For optimum relief, the following exercises should be practiced daily or at least three times a week. These movements can also be beneficial when practiced before other exercise, such as walking, because they target the specific muscular limitations of IC. Of course, preference and capability for exercise is very individual and a doctor should be consulted before trying any new exercise routine.

If you experience pain while practicing the following routine, stop. Instead, try one exercise a day to determine which movement is causing the problem, then discontinue it. If you experience sore, stiff and tight areas after these exercises, use an ice pack. In time these areas should improve or the exercise causing the problem should be avoided.

The best motivation for movement is the reward of feeling better. Reach your goals realistically and realize that there will be times you will not be able to exercise. Take advantage of the good days to keep up your strength, but also remember to be careful not to overdo!

1. Morning Rotations

Start each day by warming your spinal muscles and disks before getting out of bed. To do so, sit up on the side of the bed before standing. Place your feet comfortably apart on the floor. Bend your elbows and touch your finger tips. Imagine that your forearms are resting on an imaginary shelf. Relax your shoulders and very gently rotate your upper body side to side. Lead the movement with your eyes so that your head turns first. Be careful not to arch your lower back. Begin with three gentle rotations every morning before standing. Work your way up to a comfortable amount.

2. The Full Body Stretch

Lie on your back on a comfortable surface. Extend your opposite arm and leg. Take a full breath, and then slowly exhale as you let your back relax into the floor, bed, etc. Repeat by exchanging your arms and legs.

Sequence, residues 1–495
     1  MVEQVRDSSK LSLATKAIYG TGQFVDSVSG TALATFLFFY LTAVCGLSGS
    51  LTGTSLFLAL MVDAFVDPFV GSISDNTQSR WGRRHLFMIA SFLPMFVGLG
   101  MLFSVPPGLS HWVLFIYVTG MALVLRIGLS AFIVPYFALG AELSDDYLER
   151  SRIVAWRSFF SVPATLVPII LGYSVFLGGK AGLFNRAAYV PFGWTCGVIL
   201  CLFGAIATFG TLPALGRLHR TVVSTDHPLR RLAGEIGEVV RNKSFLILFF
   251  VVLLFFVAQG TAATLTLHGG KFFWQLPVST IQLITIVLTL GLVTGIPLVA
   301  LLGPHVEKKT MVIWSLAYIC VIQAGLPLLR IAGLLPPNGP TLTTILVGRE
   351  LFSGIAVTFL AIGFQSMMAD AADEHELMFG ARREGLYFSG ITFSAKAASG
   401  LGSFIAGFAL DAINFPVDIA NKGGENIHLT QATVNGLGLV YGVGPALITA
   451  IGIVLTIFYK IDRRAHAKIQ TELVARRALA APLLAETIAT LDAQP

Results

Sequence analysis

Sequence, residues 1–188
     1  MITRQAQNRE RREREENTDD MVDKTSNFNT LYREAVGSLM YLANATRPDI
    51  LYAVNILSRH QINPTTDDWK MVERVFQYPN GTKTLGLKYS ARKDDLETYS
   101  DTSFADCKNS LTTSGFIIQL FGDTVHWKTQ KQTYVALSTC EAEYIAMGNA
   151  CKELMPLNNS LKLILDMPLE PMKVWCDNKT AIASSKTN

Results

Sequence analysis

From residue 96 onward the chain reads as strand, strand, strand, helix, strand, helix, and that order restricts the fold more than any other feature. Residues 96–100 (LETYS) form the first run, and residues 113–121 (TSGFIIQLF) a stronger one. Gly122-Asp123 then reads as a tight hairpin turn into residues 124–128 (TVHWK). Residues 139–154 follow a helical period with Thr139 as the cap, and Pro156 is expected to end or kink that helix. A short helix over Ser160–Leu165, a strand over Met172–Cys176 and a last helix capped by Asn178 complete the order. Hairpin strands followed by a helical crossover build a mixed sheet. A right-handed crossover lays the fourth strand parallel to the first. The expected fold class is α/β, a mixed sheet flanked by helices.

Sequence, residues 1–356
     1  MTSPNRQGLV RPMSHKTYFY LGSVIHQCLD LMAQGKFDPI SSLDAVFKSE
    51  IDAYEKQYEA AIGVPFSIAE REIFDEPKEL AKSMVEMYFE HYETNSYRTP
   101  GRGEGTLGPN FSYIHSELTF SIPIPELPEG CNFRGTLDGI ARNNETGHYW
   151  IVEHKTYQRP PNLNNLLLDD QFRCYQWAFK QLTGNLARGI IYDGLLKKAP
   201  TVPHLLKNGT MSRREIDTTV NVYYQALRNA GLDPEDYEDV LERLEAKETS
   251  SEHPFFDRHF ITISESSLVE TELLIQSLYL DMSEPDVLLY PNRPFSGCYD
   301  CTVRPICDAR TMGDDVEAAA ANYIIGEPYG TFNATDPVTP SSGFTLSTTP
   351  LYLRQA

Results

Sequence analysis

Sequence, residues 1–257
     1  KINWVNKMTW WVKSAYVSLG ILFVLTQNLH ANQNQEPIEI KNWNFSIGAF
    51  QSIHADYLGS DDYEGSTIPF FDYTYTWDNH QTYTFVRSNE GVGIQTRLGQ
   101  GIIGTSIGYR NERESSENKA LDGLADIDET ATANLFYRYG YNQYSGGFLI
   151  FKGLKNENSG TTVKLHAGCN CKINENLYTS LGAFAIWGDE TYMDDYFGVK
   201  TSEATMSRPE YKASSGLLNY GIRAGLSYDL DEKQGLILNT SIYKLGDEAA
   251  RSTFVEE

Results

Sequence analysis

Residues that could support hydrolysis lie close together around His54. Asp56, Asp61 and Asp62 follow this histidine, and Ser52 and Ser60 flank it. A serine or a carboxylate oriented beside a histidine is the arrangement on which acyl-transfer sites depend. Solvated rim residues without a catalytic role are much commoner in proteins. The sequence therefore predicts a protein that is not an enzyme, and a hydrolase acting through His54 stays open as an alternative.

• Keep your shoulders relaxed and your extended arm comfortably bent.
  • Make sure that your chin is not tucked under.
3. Knee/Chest Rock

After you have completed The Full Body Stretch bring your knees toward your chest, one at a time. Lightly hug your knees with your arms, then gently rock your body side to side. Let your eyes lead the movement so that your head turns first.

  • Avoid locking your fingers too tightly while hugging your legs.
  • Keep your shoulders relaxed.
4. Strengthening Your Back

Roll over onto the easiest side and get up onto your hands and knees. Position yourself on all fours, then lift your opposite arm and leg long enough to find your balance. Release, look down, and repeat this exercise by exchanging your arms and legs.

  • Avoid lifting your arms and legs higher than your spine.
  • Keep your shoulders down and avoid straightening your lifted arm.

About The Authors:
Gaye is an author and IC patient & support group leader who has been involved in IC work for years. In 1990 she published "Stretch Into a Better Shape" and produced a stretching and exercise video for IC patients in 1993. She is a specialist in Aston-Patterning movement and muscle re-education.

Andrew has over ten years of clinical and health care management position. He is currently the Administrator of Maison Hospitaliere, located in New Orleans. Andrew holds a Ph.D. in Special Education, a M.A. of Health Adminstration, M.A. of Clinical Psychology.